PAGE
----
· try-catch-finally

· onException

The default is to propagate the exception back to the caller and end the route.

Try-catch-finally is basically the same as in Java code.

onException allows you to specify the error handling you require on a per exception type basis.

For our example we'll use the onException method.

In our current route we handle 3 types of message - Sale, Purchase and Invalid. However, the Invalid message handling only deals with XML messages where the messageType is unknown. To show the effect this has create a new file called garbage.xml and fill it with some random characters. Now, try dropping that file in the Input directory.

If you look at the log you will see that this file causes a big problem. You should see an error like the following:

Consumed message from purchase/sale queue : adgfdfdgsdfscvgadsyjgh
2015-10-21 10:00:38,484 | ERROR | test-files/input | DefaultErrorHandler              | 198 - org.apache.camel.camel-core - 2.15.1.redhat-620133 | Failed delivery for (MessageId: ID-ubuntu-39576-1445348432584-5-137 on ExchangeId: ID-ubuntu-39576-1445348432584-5-138). Exhausted after delivery attempt: 1 caught: org.apache.camel.TypeConversionException: Error during type conversion from type: java.lang.String to the required type: org.w3c.dom.Document with value [Body is instance of java.io.InputStream] due org.xml.sax.SAXParseException: Content is not allowed in prolog.

If you view the message history below the error you can see where the issue arises:

Message History
RouteId              ProcessorId          Processor                                                                        Elapsed (ms)
[PurchaseAndSaleHan] [PurchaseAndSaleHan] [file:///home/andy/cartest-files/input?delete=true                             ] [        16]
[PurchaseAndSaleHan] [log37             ] [log                                                                           ] [         0]
[PurchaseAndSaleHan] [setHeader7        ] [setHeader[CamelFileName]                                                      ] [         1]
[PurchaseAndSaleHan] [log38             ] [log                                                                           ] [         0]
[PurchaseAndSaleHan] [PurchaseAndSaleQue] [activemq:queue:purchaseandsale                                                ] [         6]
[PurchaseAndSaleHan] [log39             ] [log                                                                           ] [         1]
[PurchaseAndSaleHan] [choice7           ] [when[xpath{XPath: /CarDeal[@messagetype="Purchase"]}]choice[when[xpath{XPath: ] [         8]

When the choice node tries to check the messagetype attribute it fails as our file doesn't contain XML as expected. Another issue here is that it keeps retrying the message so we have a situation where it tries to parse the message, fails, tries to parse it again and then repeatedly fails causing an infinite loop.

Now, the correct way to deal with this would be to ensure that the XML could be validated against a schema. However, to keep things simple and to show exception handling we will handle the exception thrown instead.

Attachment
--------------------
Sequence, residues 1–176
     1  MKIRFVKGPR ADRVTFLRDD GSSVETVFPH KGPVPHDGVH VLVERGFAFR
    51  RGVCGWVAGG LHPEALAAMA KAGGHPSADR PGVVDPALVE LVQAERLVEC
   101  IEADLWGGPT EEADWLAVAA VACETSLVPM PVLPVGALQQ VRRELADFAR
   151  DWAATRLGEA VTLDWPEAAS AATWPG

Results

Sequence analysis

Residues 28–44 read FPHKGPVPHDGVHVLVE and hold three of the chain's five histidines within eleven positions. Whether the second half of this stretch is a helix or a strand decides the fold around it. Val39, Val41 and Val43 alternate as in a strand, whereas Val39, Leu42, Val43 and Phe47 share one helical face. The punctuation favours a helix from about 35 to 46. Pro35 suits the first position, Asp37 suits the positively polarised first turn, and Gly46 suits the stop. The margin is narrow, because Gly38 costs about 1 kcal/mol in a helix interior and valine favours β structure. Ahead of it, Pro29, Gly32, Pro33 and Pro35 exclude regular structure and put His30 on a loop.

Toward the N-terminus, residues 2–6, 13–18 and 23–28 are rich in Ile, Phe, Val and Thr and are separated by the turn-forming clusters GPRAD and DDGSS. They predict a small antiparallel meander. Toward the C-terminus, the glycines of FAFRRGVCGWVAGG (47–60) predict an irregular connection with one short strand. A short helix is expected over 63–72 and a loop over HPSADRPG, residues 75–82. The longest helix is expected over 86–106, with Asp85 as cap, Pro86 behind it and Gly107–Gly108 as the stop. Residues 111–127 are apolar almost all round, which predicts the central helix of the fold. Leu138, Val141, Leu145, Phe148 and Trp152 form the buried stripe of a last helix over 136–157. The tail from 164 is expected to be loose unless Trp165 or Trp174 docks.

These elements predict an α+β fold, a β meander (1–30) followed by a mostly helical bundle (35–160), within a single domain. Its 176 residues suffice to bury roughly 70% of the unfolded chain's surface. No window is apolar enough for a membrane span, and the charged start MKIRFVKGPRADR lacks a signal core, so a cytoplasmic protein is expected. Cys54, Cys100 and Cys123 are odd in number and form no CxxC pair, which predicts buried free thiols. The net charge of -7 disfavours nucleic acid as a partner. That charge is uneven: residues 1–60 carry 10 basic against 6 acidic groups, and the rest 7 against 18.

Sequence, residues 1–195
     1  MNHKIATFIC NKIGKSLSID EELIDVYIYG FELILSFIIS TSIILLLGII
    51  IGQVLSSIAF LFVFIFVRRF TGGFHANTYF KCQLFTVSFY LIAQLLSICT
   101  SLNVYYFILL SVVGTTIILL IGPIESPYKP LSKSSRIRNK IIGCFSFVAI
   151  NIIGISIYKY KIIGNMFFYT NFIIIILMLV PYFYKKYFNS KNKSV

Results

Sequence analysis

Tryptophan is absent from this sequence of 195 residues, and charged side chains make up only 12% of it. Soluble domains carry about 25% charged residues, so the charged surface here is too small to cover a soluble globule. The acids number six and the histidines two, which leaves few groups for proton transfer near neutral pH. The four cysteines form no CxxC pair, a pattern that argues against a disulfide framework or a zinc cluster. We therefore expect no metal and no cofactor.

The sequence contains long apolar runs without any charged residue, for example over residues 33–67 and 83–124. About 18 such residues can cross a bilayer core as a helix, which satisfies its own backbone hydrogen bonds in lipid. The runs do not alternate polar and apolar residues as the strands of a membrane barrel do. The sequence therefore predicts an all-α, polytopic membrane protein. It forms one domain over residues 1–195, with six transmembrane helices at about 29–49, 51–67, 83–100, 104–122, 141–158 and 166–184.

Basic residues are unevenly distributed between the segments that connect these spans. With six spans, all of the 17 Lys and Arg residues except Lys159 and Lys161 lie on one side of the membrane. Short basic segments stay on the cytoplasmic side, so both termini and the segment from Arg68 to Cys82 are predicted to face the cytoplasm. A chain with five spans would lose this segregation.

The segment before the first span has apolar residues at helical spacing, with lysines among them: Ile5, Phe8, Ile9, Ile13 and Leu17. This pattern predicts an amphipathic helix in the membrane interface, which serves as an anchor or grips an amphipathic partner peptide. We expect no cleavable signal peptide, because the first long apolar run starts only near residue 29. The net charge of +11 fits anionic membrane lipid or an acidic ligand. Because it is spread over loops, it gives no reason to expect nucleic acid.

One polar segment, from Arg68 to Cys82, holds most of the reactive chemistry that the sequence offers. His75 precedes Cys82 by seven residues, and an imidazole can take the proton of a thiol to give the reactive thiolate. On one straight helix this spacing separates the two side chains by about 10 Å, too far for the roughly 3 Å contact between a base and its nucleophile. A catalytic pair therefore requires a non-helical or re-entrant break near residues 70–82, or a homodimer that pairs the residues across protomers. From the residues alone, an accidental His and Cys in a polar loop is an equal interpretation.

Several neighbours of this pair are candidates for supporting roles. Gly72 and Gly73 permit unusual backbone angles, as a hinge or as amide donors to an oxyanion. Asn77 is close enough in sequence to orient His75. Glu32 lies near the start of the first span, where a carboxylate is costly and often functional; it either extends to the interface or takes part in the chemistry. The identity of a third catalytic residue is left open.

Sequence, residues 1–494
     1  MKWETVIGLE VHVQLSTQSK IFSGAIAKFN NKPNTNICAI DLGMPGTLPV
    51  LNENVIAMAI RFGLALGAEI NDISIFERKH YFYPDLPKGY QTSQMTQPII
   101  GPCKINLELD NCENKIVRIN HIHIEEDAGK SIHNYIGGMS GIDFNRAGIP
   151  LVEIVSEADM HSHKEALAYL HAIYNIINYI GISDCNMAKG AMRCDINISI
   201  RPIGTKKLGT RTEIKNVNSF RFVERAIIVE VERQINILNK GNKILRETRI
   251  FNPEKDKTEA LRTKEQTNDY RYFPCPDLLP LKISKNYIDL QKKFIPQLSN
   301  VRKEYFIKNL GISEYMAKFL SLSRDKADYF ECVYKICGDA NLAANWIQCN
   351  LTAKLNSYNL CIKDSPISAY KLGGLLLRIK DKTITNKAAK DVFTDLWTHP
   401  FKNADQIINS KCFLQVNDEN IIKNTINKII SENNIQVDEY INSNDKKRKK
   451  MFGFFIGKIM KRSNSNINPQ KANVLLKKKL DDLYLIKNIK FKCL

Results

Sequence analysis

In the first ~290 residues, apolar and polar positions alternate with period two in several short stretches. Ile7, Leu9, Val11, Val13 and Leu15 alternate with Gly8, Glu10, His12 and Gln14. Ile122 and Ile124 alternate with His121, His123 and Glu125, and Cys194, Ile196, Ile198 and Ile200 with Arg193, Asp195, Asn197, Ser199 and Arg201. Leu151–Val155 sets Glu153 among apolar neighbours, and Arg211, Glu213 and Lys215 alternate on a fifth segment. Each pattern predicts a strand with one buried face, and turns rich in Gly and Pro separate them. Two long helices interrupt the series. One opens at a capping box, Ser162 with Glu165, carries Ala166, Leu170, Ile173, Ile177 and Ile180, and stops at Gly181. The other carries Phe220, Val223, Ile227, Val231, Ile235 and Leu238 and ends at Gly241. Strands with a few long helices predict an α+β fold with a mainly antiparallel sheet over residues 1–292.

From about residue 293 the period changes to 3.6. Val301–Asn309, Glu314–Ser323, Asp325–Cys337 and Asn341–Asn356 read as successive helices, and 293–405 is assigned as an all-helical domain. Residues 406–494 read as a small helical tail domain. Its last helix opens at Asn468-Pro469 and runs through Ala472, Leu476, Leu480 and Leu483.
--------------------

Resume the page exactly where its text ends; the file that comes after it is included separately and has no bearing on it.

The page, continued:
Open the route in Developer Studio.

From the palette, select an OnException node (this can be found under Control Flow), drag it under the Choice node and join the two.

Open up the properties view. Here you can define what Exceptions to handle and how you want them to be dealt with.

There are a number of options:

· Continued - if this is set to true then the Exception is ignored and the route continues – generally not a good idea.

· Retry While - allows you to set a predicate so it will keep retrying until the predicate is false.

· Handled - tells Camel not to propagate the error back to the caller.

In our case we want to handle the SaxParseException and we will put files that could not be parsed in a new Error folder.

First of all add the org.xml.sax.SaxParseException and set handled to true.

Next, add a log component with the message “Could not parse file. Contents : ${body}”

Finally, add a file component with the URI file:/home/andy/cartest-files/error

Now, build and redeploy your route and test with the garbage.xml file again.

At this point you may run into an issue with JBoss Developer Studio where editing the onException node by changing the properties causes it to create an invalid route as it adds in both the handled and continued elements.

If you see an error like the following:

java.lang.IllegalArgumentException: Only one of handled or continued is allowed to be configured on: OnException[[class org.xml.sax.SAXParseException] -> [Log[Could not parse file. Contents : ${body}], To[file:/home/andy/cartest-files/error]]]

You will need to edit the source file and remove the following lines:


Your source should look similar to the following:

    <log message="Could not parse file. Contents : ${body}"/>
    <to uri="file:/home/andy/cartest-files/error"/>

Once you have built and redeployed and tested with the garbage.xml file you should see the message consumed and dealt with by the exception handler and placed in the error directory:

2015-10-21 14:20:22,997 | INFO  | test-files/input | PurchaseAndSaleHandling          | 198 - org.apache.camel.camel-core - 2.15.1.redhat-620133 | Consumed message from purchase/sale queue : adgfdfdgsdfscvgadsyjgh
2015-10-21 14:20:23,007 | INFO  | test-files/input | PurchaseAndSaleHandling          | 198 - org.apache.camel.camel-core - 2.15.1.redhat-620133 | Could not parse file. Contents : adgfdfdgsdfscvgadsyjgh

That concludes Part 2 of this blog series. Hopefully, it’s given you a good starting point with regards to how to go about monitoring and debugging your application and a brief overview of building in exception handling. Happy Fusing!